We kept wandering into a gradually more and more crowded areas. It definitely seemed we were going the right way. We decided to stop at a hotel and ask how much so we had some idea of what we were getting into. The riad owner was quite nice. Of course, at this point, we had no idea that he was actually nice, just another smiling Moroccan offering something. The room was pretty cheap, had a bathroom and had a beautiful rooftop terrace with a view of the beach. We decided to just park there and be done with it.
After dropping our stuff, we headed out to the beach. The beach was nice, wide slope of sand though there was some garbage around. Lots of people around, playing futbol and relaxing. There were even some women in bathing suits. Must be tourists.
We walked the length of the beach, maybe a mile. Our destination was toward the castles in the sand, seemed as good of a destination as any. We passed the windsurfers and kite surfers. That kite surfing looks fun. We passed a camel stand, I assume they were there offering rides but they didn’t press us after we said no the first couple times. There were probably 20 camels and horses hanging out. They were well out of the main beach area, a destination unto themselves I guess. As we approached the castles, we realized that they were protected by a moat. An inlet of ocean water formed an effective river around the closest land to the rock formations. I had thought to ford it but it was actually a bit bigger than I initially thought and proved to be an effective deterrent.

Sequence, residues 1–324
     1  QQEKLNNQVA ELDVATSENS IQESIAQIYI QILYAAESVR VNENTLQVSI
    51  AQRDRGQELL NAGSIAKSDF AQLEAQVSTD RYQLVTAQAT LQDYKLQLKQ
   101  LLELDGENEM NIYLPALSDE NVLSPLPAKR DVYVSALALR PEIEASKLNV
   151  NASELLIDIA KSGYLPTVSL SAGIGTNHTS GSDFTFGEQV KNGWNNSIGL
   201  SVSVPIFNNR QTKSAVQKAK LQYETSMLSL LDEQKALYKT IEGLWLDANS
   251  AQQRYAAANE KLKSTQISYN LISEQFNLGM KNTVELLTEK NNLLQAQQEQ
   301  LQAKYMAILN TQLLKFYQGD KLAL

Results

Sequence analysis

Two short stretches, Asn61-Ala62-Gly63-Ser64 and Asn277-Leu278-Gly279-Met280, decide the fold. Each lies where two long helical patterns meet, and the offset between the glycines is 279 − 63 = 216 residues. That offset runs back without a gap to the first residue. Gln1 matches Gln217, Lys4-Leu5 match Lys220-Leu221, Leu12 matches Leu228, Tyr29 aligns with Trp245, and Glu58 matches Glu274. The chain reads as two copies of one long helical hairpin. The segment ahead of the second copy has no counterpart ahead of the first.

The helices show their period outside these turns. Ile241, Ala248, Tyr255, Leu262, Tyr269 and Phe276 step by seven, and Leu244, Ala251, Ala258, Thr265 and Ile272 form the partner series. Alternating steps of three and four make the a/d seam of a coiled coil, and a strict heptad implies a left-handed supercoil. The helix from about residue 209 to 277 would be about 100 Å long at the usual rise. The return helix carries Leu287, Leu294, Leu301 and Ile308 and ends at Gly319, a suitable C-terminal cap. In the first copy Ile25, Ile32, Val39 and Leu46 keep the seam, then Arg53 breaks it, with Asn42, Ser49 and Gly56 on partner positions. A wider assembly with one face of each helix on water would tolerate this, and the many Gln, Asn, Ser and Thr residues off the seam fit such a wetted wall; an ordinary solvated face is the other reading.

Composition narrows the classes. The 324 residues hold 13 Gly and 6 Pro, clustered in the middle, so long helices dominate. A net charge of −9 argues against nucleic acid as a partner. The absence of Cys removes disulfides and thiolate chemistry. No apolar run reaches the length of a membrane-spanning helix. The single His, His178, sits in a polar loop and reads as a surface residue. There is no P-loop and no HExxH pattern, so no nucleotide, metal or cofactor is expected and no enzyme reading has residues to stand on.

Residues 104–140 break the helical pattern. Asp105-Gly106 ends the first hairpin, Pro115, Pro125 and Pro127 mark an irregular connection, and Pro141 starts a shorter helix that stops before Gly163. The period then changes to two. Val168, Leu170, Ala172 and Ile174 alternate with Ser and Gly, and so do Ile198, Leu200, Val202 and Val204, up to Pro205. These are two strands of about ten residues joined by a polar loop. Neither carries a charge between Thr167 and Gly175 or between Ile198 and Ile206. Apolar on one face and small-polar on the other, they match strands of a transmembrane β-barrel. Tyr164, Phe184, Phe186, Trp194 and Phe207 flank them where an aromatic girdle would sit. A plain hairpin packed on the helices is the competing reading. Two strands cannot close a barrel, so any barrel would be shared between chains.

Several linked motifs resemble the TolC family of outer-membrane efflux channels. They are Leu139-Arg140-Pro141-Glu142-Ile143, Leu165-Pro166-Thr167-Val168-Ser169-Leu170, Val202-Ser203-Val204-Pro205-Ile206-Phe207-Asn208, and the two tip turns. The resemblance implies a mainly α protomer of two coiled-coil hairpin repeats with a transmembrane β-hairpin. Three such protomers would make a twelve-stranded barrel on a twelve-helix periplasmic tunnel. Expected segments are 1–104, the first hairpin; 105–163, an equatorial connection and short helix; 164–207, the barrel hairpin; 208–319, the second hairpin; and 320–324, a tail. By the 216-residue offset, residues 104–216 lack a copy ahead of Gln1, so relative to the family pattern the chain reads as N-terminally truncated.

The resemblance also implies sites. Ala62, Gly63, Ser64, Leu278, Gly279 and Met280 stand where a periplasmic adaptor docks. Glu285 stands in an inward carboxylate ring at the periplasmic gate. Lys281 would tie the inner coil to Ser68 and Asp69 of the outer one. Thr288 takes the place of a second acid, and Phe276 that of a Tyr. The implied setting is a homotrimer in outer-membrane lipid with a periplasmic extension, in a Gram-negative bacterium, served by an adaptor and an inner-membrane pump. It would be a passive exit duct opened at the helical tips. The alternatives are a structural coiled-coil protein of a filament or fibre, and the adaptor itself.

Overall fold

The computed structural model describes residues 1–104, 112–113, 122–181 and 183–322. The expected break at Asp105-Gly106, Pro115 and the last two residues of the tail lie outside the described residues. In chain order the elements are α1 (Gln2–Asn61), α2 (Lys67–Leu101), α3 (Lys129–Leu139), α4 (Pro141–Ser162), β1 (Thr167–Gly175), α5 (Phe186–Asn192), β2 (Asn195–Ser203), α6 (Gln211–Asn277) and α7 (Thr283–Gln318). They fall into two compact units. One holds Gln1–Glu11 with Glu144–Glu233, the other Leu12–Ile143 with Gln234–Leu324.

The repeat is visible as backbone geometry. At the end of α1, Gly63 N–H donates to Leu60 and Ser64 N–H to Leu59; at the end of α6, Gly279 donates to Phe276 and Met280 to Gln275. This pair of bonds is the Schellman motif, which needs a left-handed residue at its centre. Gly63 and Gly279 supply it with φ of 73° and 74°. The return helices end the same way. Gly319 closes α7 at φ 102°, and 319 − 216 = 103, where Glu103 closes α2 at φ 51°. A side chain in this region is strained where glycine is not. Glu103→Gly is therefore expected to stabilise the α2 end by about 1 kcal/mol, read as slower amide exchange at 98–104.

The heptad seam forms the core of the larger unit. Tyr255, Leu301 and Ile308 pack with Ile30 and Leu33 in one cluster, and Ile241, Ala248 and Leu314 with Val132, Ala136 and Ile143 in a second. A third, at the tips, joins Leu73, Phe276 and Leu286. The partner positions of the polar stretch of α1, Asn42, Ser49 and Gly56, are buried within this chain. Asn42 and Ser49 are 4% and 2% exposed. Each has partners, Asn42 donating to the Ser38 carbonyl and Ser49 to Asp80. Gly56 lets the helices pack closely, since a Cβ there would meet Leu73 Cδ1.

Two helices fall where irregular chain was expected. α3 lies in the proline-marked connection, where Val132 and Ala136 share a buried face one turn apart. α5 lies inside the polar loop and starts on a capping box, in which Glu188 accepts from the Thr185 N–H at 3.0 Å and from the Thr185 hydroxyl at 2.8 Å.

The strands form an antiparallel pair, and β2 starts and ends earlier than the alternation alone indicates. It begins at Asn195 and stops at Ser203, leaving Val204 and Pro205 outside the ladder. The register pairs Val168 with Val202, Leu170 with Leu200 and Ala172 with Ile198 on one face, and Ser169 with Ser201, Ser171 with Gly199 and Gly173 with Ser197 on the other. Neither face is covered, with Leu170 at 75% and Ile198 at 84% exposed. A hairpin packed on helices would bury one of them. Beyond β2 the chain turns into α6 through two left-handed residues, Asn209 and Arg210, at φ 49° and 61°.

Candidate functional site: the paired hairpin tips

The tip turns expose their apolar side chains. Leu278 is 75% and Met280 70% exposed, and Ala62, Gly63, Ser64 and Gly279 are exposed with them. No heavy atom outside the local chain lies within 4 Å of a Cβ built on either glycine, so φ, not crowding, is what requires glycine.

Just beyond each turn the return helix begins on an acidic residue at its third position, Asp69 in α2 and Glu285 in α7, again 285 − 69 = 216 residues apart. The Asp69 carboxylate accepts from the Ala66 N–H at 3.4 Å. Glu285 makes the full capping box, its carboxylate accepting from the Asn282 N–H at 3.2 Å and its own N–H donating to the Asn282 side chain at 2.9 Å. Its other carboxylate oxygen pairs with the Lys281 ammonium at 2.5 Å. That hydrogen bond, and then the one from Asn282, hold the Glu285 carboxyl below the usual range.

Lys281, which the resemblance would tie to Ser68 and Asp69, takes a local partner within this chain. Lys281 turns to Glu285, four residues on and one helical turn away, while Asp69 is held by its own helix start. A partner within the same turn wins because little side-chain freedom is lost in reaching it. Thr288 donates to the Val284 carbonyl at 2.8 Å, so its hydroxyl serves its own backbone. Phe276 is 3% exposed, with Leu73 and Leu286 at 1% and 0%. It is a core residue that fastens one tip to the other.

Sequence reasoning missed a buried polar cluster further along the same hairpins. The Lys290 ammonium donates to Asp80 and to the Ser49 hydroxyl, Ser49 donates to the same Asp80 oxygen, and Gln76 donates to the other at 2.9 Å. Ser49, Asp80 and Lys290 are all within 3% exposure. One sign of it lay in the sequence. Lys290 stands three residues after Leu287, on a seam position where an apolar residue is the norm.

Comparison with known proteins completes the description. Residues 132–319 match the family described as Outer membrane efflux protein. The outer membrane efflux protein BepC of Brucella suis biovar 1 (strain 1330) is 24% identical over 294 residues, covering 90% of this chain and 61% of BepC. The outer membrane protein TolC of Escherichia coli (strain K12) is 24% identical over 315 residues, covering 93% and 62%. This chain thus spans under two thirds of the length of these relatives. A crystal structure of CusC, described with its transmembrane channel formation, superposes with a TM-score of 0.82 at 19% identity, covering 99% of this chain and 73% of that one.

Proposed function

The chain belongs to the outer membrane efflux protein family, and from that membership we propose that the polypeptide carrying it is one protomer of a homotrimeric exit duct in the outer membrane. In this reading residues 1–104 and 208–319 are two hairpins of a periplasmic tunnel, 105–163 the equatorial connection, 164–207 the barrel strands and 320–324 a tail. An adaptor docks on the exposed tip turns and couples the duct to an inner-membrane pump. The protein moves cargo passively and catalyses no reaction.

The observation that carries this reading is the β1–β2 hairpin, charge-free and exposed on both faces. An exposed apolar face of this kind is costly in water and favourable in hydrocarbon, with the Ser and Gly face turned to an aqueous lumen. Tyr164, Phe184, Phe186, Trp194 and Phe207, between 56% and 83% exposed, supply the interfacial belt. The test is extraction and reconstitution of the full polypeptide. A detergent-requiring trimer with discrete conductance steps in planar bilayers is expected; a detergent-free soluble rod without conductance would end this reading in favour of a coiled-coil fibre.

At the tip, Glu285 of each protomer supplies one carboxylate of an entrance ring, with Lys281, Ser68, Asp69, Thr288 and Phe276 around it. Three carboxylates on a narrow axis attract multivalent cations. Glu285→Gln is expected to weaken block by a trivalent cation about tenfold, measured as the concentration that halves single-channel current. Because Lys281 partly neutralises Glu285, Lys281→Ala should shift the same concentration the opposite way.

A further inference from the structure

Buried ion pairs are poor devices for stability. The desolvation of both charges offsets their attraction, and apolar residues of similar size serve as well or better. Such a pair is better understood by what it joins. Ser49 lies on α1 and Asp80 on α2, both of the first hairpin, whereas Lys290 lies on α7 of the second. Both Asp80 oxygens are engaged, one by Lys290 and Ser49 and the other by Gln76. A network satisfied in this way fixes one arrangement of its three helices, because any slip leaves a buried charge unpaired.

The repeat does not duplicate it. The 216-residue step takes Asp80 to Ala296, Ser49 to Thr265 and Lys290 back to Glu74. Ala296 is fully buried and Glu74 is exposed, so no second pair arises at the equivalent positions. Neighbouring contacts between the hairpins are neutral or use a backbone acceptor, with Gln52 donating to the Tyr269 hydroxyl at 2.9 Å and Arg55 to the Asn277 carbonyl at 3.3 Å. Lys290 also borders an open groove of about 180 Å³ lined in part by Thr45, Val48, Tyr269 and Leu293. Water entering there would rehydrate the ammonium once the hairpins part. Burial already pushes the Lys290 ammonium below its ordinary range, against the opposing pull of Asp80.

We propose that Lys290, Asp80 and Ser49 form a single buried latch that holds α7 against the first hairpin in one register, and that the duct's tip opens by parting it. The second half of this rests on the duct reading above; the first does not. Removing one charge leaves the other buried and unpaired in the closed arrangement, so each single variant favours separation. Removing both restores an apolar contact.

We wandered back down the beach. This town was pretty nice. Had we not been bruised by Marrakech, this would be a very nice place.